"A 2007 report by the respected Seattle-based actuarial consulting firm Milliman surveyed the damage. It noted that "by 1996 GI and CR requirements effectively eliminated the commercial individual indemnity market in New York." While the reforms were supposed to help keep insurance affordable, "premiums for the two [remaining] standard plans increased rapidly," with one researcher noting "insurers increased premium rates 35%-40% in this period."
Today, New York's private individual insurance market is among the nation's most expensive and highly regulated. New York City residents buying private, unsubsidized individual insurance coverage pay at least $9,036 a year for individual coverage and $26,460 for family coverage. New York's average premiums in the individual market are more than twice the national average, according to a 2007 eHealth Insurance survey."OK, so it costs more , what about increasing the coverage?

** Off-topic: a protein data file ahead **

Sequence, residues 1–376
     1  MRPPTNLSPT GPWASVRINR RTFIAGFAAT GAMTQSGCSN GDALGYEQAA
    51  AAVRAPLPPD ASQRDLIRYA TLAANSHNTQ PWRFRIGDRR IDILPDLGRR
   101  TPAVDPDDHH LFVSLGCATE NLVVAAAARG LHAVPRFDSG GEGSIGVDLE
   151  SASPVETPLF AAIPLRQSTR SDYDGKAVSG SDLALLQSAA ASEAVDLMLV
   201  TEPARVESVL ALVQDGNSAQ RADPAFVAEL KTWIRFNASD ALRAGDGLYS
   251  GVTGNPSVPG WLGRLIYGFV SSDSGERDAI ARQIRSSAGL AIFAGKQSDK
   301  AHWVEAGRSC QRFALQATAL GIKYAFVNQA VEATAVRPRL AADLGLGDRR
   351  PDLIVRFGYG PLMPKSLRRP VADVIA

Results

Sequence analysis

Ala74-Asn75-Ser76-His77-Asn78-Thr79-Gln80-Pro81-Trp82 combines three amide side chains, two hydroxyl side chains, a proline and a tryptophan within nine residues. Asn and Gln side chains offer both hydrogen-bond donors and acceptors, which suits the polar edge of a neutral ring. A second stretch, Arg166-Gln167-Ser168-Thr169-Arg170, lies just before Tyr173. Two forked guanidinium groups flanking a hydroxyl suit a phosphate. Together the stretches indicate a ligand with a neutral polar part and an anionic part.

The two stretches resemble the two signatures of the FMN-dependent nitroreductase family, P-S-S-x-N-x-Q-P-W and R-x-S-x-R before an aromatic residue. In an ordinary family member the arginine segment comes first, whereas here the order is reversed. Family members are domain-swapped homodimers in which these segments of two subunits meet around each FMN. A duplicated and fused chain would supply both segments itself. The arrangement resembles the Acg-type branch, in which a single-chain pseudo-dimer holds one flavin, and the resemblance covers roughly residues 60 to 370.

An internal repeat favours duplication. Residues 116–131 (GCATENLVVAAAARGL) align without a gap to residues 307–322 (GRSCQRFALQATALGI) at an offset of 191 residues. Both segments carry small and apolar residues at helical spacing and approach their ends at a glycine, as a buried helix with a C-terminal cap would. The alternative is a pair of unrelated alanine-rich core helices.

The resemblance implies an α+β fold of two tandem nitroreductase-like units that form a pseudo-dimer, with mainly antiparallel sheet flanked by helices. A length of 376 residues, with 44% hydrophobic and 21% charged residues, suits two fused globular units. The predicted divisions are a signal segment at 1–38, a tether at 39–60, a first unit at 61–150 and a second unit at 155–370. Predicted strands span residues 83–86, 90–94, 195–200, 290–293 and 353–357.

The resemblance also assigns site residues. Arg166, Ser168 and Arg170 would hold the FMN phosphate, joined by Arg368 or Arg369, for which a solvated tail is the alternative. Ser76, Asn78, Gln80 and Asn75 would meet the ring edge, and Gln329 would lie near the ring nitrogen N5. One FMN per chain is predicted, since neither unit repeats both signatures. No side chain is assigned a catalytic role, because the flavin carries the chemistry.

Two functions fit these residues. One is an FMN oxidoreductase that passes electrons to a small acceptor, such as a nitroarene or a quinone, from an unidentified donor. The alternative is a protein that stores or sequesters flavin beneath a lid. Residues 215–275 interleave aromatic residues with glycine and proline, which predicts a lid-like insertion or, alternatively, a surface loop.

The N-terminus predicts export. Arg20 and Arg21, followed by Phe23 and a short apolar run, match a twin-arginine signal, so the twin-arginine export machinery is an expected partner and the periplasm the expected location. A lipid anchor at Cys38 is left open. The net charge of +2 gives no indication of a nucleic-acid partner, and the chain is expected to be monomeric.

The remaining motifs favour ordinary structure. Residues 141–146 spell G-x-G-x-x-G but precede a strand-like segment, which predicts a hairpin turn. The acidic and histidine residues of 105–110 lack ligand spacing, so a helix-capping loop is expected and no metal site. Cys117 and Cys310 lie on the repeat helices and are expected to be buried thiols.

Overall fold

"Today, 14% of New York's population lacks coverage, essentially the same as the national average of 15%"....."In 1994, about 4.5% (10.45 million) of the U.S. nonelderly population was covered by individual insurance. Today, that number has grown to 5.5% (14.35 million), a 20% increase."
The old saw about someone who continues to do the same thing and expect a different result is foolish may not apply to legislators. Maybe the Washington lawmakers know what will happen and believe the less than desirable results will move the U.S. closer to a single payer.